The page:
Jean-Noël Vuarnet’s time at the Villa Medici (1977-79) inspired his book Extases féminines (1980) and consequently, Kiefer, to portray women who cavort, jive, tumble and twist, seem to row and pivot within blue skies in a world of soaring, screeching joy, suggesting that la petite mort is like being in the clouds or hovering above the sea. Kiefer invents dreams to catch a memory, a souvenir, sometimes a part of love, sometimes part of independence. He appears to be trying to illustrate that brief moment and by offering us the flower as an atmospheric companion, he sites these gymnastic portrayals within a garden of delight.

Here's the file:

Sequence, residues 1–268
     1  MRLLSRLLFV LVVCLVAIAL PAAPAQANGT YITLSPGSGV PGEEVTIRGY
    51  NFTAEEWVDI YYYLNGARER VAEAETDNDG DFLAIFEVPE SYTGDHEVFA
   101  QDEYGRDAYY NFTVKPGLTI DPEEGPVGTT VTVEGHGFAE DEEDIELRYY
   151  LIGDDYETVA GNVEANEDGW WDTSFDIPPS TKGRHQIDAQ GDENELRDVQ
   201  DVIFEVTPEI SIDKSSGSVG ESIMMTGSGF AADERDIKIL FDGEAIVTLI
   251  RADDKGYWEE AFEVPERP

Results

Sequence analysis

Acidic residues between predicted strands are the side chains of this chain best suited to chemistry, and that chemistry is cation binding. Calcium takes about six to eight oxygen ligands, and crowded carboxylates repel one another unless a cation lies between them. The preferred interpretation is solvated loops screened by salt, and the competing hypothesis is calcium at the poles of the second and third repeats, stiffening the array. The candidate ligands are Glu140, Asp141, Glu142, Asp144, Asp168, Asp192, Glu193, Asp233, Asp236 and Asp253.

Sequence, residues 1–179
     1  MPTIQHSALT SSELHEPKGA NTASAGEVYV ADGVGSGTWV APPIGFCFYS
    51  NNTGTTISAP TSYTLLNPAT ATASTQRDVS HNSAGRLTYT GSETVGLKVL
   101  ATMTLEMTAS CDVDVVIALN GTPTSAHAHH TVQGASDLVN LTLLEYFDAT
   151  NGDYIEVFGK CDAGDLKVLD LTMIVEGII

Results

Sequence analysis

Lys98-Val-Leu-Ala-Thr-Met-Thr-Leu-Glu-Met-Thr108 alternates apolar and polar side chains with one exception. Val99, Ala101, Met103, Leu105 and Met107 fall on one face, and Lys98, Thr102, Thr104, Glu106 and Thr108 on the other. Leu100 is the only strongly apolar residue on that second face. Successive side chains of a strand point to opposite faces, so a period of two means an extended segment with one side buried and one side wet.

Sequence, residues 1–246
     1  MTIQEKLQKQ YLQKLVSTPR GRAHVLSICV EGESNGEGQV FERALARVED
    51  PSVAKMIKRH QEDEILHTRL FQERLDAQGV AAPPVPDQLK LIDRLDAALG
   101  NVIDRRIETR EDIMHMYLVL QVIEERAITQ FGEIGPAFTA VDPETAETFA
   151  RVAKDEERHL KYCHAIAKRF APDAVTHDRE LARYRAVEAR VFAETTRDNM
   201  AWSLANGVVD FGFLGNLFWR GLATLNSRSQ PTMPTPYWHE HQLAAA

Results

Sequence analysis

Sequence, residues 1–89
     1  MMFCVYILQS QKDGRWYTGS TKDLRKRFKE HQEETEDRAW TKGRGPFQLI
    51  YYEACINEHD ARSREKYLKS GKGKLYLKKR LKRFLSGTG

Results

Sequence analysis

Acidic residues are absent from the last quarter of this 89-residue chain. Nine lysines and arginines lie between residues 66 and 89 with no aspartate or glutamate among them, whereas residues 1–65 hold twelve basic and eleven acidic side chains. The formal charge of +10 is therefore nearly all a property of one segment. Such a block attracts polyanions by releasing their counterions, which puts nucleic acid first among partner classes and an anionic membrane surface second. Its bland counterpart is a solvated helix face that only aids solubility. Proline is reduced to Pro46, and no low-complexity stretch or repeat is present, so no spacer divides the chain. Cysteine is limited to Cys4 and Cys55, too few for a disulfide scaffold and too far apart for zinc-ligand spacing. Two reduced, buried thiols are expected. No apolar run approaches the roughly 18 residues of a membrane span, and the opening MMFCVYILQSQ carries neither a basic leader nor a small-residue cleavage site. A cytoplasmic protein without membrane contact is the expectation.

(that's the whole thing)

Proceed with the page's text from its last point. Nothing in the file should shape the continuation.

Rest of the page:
Happy as a clam, Venus lies within a nacrous shell, her open thighs mimicking the open bivalve, her exposed vagina recalling Courbet’s L’Origine du monde (1866) rather than Botticelli’s Birth of Venus (1485–86). A figure flies elegantly in a yogic backbend above a huge crater evoking the land of dreams - will she be engulfed or simply reflected on the surface? Another performs exotic dances in the air. Oskar Kokoschka painted The Bride of the Wind (Die Windsbraut) in 1913-14; a self-portrait with his lover Alma Mahler beside him, the two almost embalmed by the swirling sea surround. Kiefer’s version (2014) is set firmly on land, a lonesome tree framed by a glorious sky. His blonde-haired, red-lipped bride was also alone in space, the paper joins separating her from the pulsing sky and open fields. Brünhilde (2017) appears twice; a side-view and a full-on arse as she balances agile upon a wooden trunk.